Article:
By Kent Heckenlively, Esq., June 07, 2011:
I received the following e-mail a few weeks back from the National Institute of Health concerning my inquiry into XMRV (xenotropic murine leukemia virus related virus) infection and children with autism. Here is the reply:
Dear Mr. Heckenlively:
Thank you for writing to the National Institutes of Health (NIH) concerning the presence of the XMRV retrovirus in children with autism. As the Acting Director, Office of Science Policy, Planning, and Communications, National Institute of Mental Health (NIMH), I have been asked to respond on behalf of Dr. Francis Collins, NIH Director.
NIH is dedicated to addressing the growing public health challenge that autism spectrum disorders (ASD) present. In FY 2010, NIH invested $160 million from its annual appropriation in research on autism and another $58 million in funding provided through the American Recovery and Reinvestment Act. In addition, NIH issued several funding opportunity announcements to encourage research designed to elucidate the etiology, epidemiology, diagnosis, treatment, and optimal means of service delivery related to ASD.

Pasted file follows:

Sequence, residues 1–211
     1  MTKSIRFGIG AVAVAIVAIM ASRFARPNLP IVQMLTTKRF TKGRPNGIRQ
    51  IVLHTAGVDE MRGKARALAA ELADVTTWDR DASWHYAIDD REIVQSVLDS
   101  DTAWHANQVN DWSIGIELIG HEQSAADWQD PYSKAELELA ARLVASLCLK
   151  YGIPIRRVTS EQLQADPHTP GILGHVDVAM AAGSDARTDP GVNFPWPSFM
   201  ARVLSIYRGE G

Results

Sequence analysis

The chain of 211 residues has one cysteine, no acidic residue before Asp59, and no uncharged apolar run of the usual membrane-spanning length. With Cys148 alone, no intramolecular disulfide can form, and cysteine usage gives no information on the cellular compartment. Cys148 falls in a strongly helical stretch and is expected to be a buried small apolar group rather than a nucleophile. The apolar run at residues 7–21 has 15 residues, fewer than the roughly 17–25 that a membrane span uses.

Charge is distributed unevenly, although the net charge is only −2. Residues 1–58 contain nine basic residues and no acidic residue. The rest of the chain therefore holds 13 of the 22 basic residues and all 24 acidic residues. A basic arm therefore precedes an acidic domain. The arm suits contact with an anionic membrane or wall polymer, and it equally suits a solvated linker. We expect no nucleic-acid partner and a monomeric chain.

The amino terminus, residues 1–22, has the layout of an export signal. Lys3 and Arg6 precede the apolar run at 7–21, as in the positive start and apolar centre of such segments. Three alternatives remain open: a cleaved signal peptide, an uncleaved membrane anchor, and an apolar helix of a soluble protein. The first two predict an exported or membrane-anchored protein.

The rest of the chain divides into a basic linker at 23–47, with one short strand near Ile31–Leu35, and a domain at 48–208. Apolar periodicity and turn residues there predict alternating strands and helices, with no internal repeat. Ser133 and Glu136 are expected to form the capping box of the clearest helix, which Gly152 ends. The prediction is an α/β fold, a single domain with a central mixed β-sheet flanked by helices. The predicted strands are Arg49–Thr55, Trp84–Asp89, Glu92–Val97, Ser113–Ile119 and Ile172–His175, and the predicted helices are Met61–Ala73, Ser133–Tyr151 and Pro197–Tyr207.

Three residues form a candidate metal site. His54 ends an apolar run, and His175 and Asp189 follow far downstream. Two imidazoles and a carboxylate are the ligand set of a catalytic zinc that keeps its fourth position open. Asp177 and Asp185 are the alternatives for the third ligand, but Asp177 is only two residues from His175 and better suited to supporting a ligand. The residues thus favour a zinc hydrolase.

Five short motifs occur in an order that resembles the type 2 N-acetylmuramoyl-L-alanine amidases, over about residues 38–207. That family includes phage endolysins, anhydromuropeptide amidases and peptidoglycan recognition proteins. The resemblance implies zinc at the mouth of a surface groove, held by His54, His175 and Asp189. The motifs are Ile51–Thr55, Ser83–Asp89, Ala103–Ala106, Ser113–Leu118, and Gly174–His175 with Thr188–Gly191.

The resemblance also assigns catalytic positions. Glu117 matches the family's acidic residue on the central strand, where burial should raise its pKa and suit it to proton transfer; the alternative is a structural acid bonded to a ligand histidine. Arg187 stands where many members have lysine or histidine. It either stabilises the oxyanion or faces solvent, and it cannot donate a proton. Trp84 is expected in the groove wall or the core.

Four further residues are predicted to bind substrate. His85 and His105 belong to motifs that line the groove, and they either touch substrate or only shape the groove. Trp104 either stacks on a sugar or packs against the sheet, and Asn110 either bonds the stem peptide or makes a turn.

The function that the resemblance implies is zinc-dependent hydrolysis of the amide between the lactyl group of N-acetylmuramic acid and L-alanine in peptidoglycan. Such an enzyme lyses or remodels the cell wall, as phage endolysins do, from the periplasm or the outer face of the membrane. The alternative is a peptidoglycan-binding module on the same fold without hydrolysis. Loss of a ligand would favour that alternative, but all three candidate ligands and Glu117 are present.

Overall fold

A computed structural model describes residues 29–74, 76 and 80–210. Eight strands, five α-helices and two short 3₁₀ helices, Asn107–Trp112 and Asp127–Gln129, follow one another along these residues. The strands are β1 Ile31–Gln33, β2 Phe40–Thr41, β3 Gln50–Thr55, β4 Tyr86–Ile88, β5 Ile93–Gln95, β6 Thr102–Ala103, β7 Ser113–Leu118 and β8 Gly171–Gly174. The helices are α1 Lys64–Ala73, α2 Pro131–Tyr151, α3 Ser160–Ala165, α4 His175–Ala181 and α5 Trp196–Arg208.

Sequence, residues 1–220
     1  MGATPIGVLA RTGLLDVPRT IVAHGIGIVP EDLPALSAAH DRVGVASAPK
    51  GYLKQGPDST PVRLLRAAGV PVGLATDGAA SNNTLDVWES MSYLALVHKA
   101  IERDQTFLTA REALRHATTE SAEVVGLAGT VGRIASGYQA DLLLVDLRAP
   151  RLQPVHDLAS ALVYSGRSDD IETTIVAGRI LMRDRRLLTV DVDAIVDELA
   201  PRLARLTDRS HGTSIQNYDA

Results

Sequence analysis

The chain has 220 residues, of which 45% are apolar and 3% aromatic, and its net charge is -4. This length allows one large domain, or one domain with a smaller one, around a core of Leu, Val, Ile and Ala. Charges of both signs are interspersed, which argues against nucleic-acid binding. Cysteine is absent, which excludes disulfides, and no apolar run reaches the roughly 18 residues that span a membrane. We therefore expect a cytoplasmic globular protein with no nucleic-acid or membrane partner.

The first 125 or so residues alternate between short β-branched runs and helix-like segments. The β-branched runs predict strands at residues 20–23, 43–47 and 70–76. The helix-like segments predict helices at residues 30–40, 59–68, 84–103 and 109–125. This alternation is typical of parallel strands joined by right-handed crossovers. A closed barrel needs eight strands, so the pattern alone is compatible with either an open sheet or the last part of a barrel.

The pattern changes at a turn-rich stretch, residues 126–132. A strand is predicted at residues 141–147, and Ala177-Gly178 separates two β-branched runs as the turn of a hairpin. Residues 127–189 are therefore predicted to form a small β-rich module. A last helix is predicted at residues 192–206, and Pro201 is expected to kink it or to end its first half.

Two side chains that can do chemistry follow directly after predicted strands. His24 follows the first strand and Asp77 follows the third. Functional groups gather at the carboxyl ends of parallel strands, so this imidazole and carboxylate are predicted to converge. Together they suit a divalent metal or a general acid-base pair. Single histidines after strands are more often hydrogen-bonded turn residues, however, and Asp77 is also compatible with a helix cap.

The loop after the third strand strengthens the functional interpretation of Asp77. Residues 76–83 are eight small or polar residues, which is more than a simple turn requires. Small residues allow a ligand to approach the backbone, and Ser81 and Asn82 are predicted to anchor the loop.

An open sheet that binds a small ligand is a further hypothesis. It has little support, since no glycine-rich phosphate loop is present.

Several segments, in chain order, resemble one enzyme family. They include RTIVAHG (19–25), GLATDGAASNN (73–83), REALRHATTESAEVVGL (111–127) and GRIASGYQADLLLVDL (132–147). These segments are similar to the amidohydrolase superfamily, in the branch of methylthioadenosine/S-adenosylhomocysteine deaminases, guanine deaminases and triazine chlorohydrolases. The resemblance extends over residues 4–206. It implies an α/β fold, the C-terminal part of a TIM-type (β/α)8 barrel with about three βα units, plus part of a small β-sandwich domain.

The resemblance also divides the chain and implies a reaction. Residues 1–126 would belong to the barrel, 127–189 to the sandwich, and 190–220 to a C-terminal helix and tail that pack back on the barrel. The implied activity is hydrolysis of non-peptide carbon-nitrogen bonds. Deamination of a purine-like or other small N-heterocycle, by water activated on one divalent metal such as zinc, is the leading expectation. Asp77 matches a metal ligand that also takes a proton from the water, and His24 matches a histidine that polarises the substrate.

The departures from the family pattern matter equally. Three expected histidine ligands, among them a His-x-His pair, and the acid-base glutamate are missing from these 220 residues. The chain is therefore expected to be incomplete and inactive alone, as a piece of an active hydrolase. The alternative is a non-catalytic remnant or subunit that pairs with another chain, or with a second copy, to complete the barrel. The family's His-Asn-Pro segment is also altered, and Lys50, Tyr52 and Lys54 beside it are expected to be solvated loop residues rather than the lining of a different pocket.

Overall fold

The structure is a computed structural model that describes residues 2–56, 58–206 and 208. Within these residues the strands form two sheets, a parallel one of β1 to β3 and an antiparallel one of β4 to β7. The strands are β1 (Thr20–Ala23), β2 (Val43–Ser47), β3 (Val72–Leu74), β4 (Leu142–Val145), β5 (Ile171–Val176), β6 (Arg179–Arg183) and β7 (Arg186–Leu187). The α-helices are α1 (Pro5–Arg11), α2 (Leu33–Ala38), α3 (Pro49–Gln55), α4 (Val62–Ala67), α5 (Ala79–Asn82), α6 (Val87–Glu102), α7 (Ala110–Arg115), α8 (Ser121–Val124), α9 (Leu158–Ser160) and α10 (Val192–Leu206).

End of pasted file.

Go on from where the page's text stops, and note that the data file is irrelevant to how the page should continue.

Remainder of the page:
As you may be aware, NIH intramural researchers are examining the XMRV retrovirus in samples from approximately 100 children in an autism subtyping study: Neuroimmunologic Investigations of Autism Spectrum Disorders. You can access further information on the study via the NIH Research Portfolio Online Reporting Tools at http://projectreporter.nih.gov/reporter.cfm. Since final analyses of the study are not complete and have not been published, we do not yet have any results to provide. The researchers will share the results in the future after completion of the data analysis.
Thank you again for your interest in research on autism.
Marina Volkov, Ph.D. Acting Director NIMH Office of Science Policy, Planning, and Communications
I responded on June 2, 2011, asking three questions, based on a series of e-mails provided to me by another autism parent who had made a similar inquiry.
1. What was the testing initially used by the NIH which showed a high rate of XMRV infection in children with autism?
2. What were the subsequent tests used by the CDC which did not show a high rate of XMRV infection in children with autism?
3. Is the NIH following the established protocols for blood storage, preparation of the sample, and tests utilized, as detailed by the initial study group of the Whittemore-Peterson Institute, the Cleveland Clinic, and the National Cancer Institute as detailed in their October 2009 article in the journal Science?
When I receive an answer to these questions I will share them with the readers of Age of Autism.
Kent Heckenlively is Contributing Editor to Age of Autism